There’s an age-old discourse about whether life imitates art or art imitates life. Either way, the two are closely connected.
Lupus can even be viewed through an artistic lens (!).
Imagine your life as one big theatrical performance (not too difficult, right?) You are, of course, the star of the show, and those close to you will be playing the requisite supporting roles. Now assign Lupus a role in the production – that of stagehand. Lupus’ job is to be as inconspicuous as possible: to stay behind the scenes, disrupt nothing, and if movement is necessary, attempt to blend in with the scenery. – Sara Gorman, Despite Lupus
Sara’s description of lupus is spot-on. If it’s to be a part of your life, give lupus proper jobs, and keep it organized so disturbance is kept to a minimum.
Case in point – We don’t want lupus to interfere with your ability to purchase life insurance.
And, here’s the good news – if that pesky stagehand is acting up and hindering your efforts to purchase life insurance (let’s say you’ve been declined before), you are not out of choices. There are life insurance options available to you.
Use our Table of Contents below to find everything you need to know about lupus, as well as how it affects life insurance (there are 6 ways).
Lupus, also known as systemic lupus erythematosus, is an inflammatory disease caused when the immune system attacks its own tissues. It’s very common, with approximately 200,000 new cases diagnosed annually.
Mount Sinai, a highly rated hospital system based out of New York, published an informative overview of lupus:
Who Gets Lupus?
Anyone can get lupus, regardless of age or gender:
- Affects women most often (about 90%)
- More common in women of African American, Asian, Hispanic or Native American descent
- Often diagnosed between the ages of 15 – 44
- A common condition with more than 1.5 million Americans affected
What Are The Symptoms Of Lupus?
- pain and swelling in joints
- skin rashes
- sun sensitivity
- hair loss
- pale or purple fingers or toes
- oral ulcers
- lung, heart, kidney problems
What Causes Lupus?
The cause of lupus is unknown.
It’s likely that lupus occurs as a result of a combination of genetics and environment. In other words, people with an inherited predisposition for lupus may develop it during an environmental trigger:
How Are You Diagnosed With Lupus?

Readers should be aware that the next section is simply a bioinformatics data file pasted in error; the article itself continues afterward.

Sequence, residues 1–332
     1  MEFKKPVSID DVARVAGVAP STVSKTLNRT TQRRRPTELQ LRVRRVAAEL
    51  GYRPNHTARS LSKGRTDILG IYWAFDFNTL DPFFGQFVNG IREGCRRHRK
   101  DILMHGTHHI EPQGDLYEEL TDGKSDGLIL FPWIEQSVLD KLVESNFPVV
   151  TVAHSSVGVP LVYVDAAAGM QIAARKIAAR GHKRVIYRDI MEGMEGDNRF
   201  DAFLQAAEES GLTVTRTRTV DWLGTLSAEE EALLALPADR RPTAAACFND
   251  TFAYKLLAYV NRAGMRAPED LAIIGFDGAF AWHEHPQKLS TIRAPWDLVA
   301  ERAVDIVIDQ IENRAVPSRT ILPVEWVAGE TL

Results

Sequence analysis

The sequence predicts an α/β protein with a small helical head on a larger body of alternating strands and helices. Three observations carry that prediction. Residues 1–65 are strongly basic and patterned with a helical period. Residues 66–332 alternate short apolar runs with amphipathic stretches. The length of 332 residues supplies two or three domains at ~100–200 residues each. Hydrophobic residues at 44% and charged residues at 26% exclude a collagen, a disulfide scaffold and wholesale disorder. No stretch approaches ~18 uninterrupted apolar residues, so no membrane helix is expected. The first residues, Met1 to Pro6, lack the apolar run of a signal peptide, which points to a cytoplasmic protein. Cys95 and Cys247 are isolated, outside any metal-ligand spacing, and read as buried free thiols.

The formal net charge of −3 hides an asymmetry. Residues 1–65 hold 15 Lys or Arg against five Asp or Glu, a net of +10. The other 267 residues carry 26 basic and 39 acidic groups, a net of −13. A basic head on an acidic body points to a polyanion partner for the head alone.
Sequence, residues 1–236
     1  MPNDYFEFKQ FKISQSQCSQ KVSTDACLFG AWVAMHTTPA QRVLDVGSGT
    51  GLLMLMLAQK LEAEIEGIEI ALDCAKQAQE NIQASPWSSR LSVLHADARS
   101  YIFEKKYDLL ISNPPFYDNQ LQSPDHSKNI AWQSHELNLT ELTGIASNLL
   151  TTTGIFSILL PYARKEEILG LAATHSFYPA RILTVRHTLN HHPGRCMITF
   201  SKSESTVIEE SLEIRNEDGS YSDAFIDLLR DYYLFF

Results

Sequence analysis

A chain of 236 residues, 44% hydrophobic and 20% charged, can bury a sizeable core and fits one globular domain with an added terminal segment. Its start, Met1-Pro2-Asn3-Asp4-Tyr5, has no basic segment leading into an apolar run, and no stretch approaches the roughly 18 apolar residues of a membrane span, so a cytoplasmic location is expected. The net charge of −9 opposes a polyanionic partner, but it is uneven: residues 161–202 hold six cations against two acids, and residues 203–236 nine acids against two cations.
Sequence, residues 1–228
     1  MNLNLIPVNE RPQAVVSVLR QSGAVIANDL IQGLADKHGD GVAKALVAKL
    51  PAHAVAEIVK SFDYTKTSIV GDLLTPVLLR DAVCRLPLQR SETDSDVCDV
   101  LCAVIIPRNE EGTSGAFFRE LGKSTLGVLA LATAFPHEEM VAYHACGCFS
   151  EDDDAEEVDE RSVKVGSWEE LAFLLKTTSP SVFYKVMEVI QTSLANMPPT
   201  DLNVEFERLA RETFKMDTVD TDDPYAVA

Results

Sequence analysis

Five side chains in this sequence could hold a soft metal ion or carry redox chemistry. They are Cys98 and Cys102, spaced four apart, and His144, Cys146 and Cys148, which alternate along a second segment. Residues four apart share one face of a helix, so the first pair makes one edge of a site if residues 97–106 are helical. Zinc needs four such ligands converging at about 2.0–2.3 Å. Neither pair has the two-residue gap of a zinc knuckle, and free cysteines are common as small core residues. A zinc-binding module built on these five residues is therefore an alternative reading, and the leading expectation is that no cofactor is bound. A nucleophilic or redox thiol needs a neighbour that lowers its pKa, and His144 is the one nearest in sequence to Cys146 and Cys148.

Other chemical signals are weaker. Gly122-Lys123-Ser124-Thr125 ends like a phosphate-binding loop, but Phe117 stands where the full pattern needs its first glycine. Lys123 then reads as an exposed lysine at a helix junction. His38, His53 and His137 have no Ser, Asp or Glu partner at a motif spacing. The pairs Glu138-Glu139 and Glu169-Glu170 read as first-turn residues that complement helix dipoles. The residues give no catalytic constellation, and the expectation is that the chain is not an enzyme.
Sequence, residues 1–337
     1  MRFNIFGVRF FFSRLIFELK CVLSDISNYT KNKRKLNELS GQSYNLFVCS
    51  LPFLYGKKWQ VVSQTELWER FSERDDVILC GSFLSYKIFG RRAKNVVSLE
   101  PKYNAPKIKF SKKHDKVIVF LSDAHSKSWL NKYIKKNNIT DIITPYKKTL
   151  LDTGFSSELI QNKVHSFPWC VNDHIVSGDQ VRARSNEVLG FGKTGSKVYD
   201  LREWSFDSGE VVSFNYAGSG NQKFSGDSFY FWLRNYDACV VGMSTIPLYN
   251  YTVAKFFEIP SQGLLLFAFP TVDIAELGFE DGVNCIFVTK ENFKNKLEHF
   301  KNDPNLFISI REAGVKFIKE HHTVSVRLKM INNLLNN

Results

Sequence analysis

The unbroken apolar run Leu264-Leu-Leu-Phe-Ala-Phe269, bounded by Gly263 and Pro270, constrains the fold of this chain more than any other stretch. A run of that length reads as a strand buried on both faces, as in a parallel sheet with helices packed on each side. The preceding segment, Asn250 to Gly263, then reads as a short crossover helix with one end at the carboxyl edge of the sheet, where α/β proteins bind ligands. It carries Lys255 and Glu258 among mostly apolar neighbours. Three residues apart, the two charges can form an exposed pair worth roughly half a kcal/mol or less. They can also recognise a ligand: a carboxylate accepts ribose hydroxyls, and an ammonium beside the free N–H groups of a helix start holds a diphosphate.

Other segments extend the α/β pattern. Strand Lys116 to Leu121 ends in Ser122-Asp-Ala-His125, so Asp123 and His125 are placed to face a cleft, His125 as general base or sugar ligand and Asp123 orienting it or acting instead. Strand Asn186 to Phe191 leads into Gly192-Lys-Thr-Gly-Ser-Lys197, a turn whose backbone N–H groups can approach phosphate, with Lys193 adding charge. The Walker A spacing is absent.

Lupus is difficult to diagnose. No single test exists to diagnose lupus. Rather, physicians use a multitude of tools:
- complete physical
- skin and kidney biopsies
- antinuclear antibody (ANA) test
- imaging (x-ray, echocardiogram)
How Is Lupus Treated?
Treatment is dependent on your symptoms. During a flare, additional treatment is often needed.
It’s crucial to collaborate with your physician (family doctor, rheumatologist, clinical immunologist) to create a comprehensive treatment plan.
Common medications include:
- Non-steroidal anti-inflammatory drugs (NSAIDS)
- Antimalarial drugs
Additional forms of treatment include:
- Social worker
How Can You Take Action?
Proactive management of lupus has proven to be effective. (Remember, we want that stagehand on point.)
- Document symptoms
- Visit physician regularly
- Focus on a healthy lifestyle –
- Healthy diet
- Regular exercise
- Stress reduction
Lupus And Life Insurance
It’s very common to shop for life insurance when you have lupus. Here are the six things life insurance carriers will want to know:
1. Date Of Diagnosis
Life insurance carriers will want to know how long you have had lupus.
Here are some specifics on life insurance ratings for lupus for traditional life insurance (note: the higher the table rating, the higher the surcharge you will pay on your life insurance premiums) –
For the most common form of lupus, systemic lupus erythematosus (SLE)
- Lupus diagnosed at 20 years or younger – Decline
- Lupus diagnosed after the age of 20:
- Diagnosed within the last 12 months – Postpone
- Diagnosed within the last 1-3 years – Table 8